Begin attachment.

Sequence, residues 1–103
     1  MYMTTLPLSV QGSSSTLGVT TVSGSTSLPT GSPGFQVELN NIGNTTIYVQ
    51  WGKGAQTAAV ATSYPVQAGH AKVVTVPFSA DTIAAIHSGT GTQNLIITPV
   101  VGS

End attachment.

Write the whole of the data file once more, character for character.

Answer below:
Sequence, residues 1–103
     1  MYMTTLPLSV QGSSSTLGVT TVSGSTSLPT GSPGFQVELN NIGNTTIYVQ
    51  WGKGAQTAAV ATSYPVQAGH AKVVTVPFSA DTIAAIHSGT GTQNLIITPV
   101  VGS